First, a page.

The Milky Way from the top of the world

Wow. Check this amazing picture of the Milky Way shot in Annapurna, a region of Nepal that reaches elevations of over 8000 meters. The photo was taken by Anton Jankovoy who has quite a collection of amazing photos over on Flickr. Specifically, this one and this one. I highly recommend browsing his photo stream in your free time!

(via: The Milky Way from the top of the world | Bad Astronomy | Discover Magazine.)

Beautiful Orion Nebula

An amazing photo of the Orion Nebula. Details from NASA:

Few cosmic vistas excite the imagination like the Orion Nebula, an immense stellar nursery some 1,500 light-years away. This stunning false-color view spans about 40 light-years across the region, constructed using infrared data from the Spitzer Space Telescope. Compared to its visual wavelength appearance, the brightest portion of the nebula is likewise centered on Orion’s young, massive, hot stars, known as the Trapezium Cluster. But the infrared image also detects the nebula’s many protostars, still in the process of formation, seen here in red hues. In fact, red spots along the dark dusty filament to the left of the bright cluster include the protostar cataloged as HOPS 68, recently found to have crystals of the silicate mineral olivine within its protostellar envelope.

(via APOD: 2011 September 17 – Spitzer’s Orion.)

Gamers solve puzzle that stumped scientists for decade

An article published in the journal Nature Structural & Molecular Biology described how gamers playing an online game called Foldit deciphered a puzzle that stumped scientists and automated computers working on the problem for over a decade. In three weeks!

They figured out the protein structure of a monomeric protease enzyme, which is “a cutting agent in the complex molecular tailoring of retroviruses, a family that includes HIV”. The understanding of this structure is an important step towards discovering the causes of many diseases related to this enzyme and coming up with treatments for them.

Gamers solve puzzle in 3 weeks that stumped scientists for a decade (The Next Web)

Timelapse of Earth from Space Station

So cool!

James Drake used 600 photos from the Gateway to Astronomy Photograph of Earth archive to create this timelapse video of Earth from the International Space Station.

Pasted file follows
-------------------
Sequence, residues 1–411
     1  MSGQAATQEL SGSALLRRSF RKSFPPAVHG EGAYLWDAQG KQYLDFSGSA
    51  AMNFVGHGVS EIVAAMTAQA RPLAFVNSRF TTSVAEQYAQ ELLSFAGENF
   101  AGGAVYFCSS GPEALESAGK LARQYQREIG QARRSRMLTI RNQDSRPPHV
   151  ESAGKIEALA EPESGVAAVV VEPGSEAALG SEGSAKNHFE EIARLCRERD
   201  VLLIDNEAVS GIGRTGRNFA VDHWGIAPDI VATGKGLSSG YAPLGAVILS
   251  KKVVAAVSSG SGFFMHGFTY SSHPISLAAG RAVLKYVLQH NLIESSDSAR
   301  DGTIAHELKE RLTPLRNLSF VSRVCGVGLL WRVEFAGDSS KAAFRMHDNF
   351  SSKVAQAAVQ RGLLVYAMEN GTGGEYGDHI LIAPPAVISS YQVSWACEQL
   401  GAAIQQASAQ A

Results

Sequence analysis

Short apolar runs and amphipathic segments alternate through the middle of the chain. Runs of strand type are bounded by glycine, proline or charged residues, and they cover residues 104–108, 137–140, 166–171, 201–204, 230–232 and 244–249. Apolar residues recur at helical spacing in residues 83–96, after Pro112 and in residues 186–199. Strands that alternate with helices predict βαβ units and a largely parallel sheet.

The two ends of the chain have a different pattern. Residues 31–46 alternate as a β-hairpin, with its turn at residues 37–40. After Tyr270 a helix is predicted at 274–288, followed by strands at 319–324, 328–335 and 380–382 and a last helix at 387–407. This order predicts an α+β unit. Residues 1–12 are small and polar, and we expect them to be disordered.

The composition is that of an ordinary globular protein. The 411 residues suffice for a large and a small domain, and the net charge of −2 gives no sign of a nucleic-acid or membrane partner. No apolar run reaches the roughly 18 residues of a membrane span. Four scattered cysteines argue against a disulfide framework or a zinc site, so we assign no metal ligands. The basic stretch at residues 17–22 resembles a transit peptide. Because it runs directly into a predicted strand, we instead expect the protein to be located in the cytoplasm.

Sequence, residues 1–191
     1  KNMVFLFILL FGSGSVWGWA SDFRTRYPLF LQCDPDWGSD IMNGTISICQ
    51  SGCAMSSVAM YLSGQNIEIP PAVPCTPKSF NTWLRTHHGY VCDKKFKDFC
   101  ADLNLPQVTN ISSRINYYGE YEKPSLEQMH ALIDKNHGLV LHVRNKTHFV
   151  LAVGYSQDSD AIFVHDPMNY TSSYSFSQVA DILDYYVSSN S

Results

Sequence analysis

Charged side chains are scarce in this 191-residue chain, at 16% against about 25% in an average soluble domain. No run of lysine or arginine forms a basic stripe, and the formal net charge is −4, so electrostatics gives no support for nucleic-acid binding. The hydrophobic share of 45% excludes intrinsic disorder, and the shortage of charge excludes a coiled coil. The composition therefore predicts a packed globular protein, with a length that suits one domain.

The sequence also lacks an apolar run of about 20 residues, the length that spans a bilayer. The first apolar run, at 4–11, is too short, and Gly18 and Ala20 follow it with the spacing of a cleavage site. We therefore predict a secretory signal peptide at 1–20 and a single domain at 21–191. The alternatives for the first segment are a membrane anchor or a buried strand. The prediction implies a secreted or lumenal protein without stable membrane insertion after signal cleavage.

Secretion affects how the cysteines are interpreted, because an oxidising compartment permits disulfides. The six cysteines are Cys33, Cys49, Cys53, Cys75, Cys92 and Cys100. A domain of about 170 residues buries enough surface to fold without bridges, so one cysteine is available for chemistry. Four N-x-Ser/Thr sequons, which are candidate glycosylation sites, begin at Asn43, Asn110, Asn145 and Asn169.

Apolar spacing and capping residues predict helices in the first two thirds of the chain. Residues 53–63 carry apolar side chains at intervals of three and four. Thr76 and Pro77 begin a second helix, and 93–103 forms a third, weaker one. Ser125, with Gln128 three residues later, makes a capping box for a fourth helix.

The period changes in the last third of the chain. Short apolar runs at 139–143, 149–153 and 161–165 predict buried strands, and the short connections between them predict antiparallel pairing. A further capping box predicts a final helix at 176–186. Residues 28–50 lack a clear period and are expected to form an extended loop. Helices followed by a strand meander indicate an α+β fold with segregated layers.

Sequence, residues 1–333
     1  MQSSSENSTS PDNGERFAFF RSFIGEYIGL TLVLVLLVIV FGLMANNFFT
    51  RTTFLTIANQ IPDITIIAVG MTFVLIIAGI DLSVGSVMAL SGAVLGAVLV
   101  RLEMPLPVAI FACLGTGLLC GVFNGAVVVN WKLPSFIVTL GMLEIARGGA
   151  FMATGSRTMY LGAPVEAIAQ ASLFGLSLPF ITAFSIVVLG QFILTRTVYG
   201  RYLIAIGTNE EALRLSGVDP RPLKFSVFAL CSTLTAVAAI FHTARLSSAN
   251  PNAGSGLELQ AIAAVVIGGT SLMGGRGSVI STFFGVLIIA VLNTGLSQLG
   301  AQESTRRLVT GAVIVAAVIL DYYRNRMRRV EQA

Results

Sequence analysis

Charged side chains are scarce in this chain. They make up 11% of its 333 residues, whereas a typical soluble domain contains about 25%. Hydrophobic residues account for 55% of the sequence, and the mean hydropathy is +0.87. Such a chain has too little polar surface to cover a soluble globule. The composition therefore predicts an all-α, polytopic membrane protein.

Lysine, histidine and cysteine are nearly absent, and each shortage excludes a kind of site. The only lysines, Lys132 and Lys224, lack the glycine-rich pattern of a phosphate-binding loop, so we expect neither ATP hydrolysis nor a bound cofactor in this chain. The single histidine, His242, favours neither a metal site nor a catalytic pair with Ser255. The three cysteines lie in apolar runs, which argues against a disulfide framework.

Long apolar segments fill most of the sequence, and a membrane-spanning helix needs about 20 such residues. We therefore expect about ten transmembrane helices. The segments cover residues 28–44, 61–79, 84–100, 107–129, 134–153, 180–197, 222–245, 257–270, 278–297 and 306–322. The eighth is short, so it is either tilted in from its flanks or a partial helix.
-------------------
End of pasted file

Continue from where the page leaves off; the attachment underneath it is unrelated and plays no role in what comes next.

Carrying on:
If you love astronomy images, be sure to view his blog — lots of amazing photos.

(via Universe Today)

Update:

“This movie begins over the Pacific Ocean and continues over North and South America before entering daylight near Antarctica. Visible cities, countries and landmarks include (in order) Vancouver Island, Victoria, Vancouver, Seattle, Portland, San Fransisco, Los Angeles. Phoenix. Multiple cities in Texas, New Mexico and Mexico. Mexico City, the Gulf of Mexico, the Yucatan Peninsula, Lightning in the Pacific Ocean, Guatemala, Panama, Columbia, Ecuador, Peru, Chile, and the Amazon. Also visible is the Earths ionosphere (thin yellow line) and the stars of our galaxy.”

Weekend Links – 9/16

Each Friday we’ll post a collection of links for you to check out over the weekend — posts from around the web that didn’t quite make the cut for the week. Not saying these aren’t cool, by any means — they’re just older or not as exciting as the links we decided to post.

Enjoy:

Have a good weekend!

Star Wars in Real Life? Exoplanet Discovered Orbiting Two Stars

Binary Star Exoplanet Image: NASA/JPL-Caltech

Image: NASA/JPL-Caltech

NASA astronomers, using the Kepler space telescoped, recently discovered an exoplanet that orbits around two stars, instead of one. The Saturn-sized planet is about 200 light-years away and orbits stars that are “roughly three-quarters and one-fifth the mass of the sun.”

You may remember that Luke Skywalker grew up on a planet called Tatooine, that also orbited two stars. The astronomers believe the planet is probably closer to Star Wars’ cold planet Hoth, though, since the stars are both relatively cool. They estimate the temperature on the planet to be minus 100 to minus 150 degrees Fahrenheit. The planet is also similar to Saturn in that it’s a gas giant, meaning no place to stand and watch that amazing double sunset Luke watched in A New Hope.

The full report will appear in the September 16th issues of Science.

Source: New Exoplanet Discovery Is Life Imitating Star Wars | Wired Science

Dinosaur Feathers Found in Amber Reinforce Evolution Theories

Researchers led by University of Alberta paleontologist Ryan McKellar discovered protofeather fossils encased in amber from the Late Cretaceous era. The latest issue of the journal Science includes their findings, which support theories of dinosaur and avian evolution.

Click through for more detail and an amazing photo gallery: Dinosaur Feathers Found in Amber Reinforce Evolution Theories – The Atlantic.